La Joie de Vivre

Updated: Apr 27

Talking About Life―La Vie

Uses of the Verb Vivre That Will Make Your Conversation Richer


If you’d like to sound more fluent and interesting in French, you’ll definitely want to be able to talk about la vie―life―because no society revels more in the celebration of la vie than the French. Perhaps that’s why, even in English, when we are talking about the “joy of living” we often use the beautiful French phrase, la joie de vivre (using the infinitive of the verb vivre―to live, or to be alive.)



Like to quickly review the conjugation of vivre before we move on? In the present tense it’s easy:




To Be Alive

Vivre and the noun la vie have several different shades of meaning in French, similar to the uses of the verb “to live” in English. First and foremost, it means to be alive, of course (what we all aspire to), as opposed to being dead. Être en vie―to be in life, to be living.


Heureusement, ma mère est encore en vie. Happily, my mother still lives.

Je suis toujours en vie. I’m still alive.


Where You Live

But, as in English, vivre also means to spend your existence in a primary physical location:


Ils vivent à Marseille. They live in Marseille.

Elle vit à Paris. She lives in Paris.

Vous vivez aux États Unis? You live in the United States?


Tu vis d’amour et d’eau fraîche.

With Whom You Live

People are social animals.


Nous vivons ensemble. We live together.

Ils vivent en colocation, ou, ils vivent en coloc. They share their house/flat.

Je vis avec ma soeur. I live with my sister.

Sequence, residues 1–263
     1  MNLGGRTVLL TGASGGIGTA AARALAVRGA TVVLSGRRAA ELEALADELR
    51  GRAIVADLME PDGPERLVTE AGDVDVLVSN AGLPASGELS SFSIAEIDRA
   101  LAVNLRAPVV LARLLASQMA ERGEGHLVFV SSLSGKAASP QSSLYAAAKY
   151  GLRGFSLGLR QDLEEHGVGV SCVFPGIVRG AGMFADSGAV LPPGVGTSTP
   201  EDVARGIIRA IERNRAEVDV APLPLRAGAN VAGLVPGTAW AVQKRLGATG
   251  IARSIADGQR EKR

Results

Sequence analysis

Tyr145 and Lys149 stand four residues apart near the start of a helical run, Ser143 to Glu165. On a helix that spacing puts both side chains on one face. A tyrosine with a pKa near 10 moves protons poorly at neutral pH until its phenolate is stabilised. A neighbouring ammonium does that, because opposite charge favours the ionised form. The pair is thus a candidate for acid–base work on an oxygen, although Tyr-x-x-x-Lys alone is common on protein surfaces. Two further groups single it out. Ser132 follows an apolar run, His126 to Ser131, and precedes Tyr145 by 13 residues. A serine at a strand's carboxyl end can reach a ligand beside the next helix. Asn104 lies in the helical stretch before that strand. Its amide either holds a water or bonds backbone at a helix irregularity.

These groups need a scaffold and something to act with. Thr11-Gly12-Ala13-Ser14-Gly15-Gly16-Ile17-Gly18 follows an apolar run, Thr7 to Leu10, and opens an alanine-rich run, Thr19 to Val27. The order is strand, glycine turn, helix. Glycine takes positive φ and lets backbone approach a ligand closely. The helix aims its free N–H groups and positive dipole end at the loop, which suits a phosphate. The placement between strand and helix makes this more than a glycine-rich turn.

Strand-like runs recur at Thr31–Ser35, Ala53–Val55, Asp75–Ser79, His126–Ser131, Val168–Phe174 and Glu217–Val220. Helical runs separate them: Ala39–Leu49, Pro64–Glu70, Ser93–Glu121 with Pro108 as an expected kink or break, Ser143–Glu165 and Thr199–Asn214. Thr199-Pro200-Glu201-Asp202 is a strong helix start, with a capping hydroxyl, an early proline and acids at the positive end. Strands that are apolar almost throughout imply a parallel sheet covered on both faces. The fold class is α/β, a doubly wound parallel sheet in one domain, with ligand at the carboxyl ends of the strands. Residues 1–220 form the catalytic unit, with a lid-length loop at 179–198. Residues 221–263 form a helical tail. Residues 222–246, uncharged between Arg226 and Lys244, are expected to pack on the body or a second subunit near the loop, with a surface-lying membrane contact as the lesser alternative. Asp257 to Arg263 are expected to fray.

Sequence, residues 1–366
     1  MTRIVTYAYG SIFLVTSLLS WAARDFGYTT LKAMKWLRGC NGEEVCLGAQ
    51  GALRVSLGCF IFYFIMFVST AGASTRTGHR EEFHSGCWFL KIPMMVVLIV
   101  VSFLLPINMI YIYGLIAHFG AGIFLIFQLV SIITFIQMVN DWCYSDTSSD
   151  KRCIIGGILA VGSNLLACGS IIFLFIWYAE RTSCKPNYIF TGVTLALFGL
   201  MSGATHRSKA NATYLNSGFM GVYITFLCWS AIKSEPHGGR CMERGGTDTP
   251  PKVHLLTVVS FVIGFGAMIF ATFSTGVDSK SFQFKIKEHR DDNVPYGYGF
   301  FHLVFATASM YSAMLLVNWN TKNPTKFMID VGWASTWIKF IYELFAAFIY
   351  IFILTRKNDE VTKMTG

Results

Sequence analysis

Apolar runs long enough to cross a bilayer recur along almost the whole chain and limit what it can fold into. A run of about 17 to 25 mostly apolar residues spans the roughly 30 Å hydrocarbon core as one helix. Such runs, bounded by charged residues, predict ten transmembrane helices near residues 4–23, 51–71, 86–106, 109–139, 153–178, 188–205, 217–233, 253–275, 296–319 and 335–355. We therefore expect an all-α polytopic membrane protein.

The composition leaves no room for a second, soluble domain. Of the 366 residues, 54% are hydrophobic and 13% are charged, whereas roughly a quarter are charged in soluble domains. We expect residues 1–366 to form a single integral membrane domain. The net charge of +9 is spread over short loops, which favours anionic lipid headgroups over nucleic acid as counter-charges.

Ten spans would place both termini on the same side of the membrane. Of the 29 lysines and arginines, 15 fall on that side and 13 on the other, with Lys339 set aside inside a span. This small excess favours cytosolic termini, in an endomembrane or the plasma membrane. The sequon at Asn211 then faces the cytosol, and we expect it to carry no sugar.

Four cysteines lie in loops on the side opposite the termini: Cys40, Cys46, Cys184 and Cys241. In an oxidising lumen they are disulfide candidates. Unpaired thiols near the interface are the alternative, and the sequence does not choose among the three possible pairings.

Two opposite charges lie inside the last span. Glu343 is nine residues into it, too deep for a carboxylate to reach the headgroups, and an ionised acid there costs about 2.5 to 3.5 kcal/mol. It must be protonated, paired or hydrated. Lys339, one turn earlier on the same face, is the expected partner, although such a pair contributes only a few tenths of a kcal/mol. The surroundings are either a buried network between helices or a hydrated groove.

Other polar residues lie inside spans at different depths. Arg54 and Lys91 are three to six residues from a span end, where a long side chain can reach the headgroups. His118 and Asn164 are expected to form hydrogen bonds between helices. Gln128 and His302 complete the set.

How Or Why You Live

How do we sustain our life? What is it that we live for―our raison d’être?


Elle vit de sa passion, la musique. She lives (pays for her rent, food, etc…) thanks to her passion, music

Je vis pour mes enfants. I live for my kids (they’re the only important things in my life.)

Tu vis d’amour et d’eau fraîche. You live on love and fresh water (proverb that means to live happily on love and not much more.)




More useful colloquial expressions using the noun la vie, or the verb vivre


La vie est dure. Life is hard.

La vie est courte ! Life is short.

C’est la vie ! That’s life!

vivre sa vie to live one’s life

bien vivre to live well

la raison de vivre the reason for living

vivre dangereusement to live dangerously

vivre l’instant to live for the moment

vivre vieux to live to a ripe old age

le savoir-vive manners (knowing how to live)

vivant living, alive, lively (adjective)

Vive la France! Long live France!

Vive la différence! Hurray for the difference!

Vive les mariés ! Hurray for married couples

être un bon vivant to be a person who enjoys life (socializing, food and drink)

parler de vive voix to speak in front of each other (not though a device)

être sur le qui-vive to be on guard

voir la vie en rose to see life in pink - to see it on the bright side


Can you think of any other interesting common expressions using vivre? Tell us in a comment!


Not sure about how to pronounce some of these words? To hear the proper pronunciation of all the phrases in today’s blog, all you have to do is click on the short video below!




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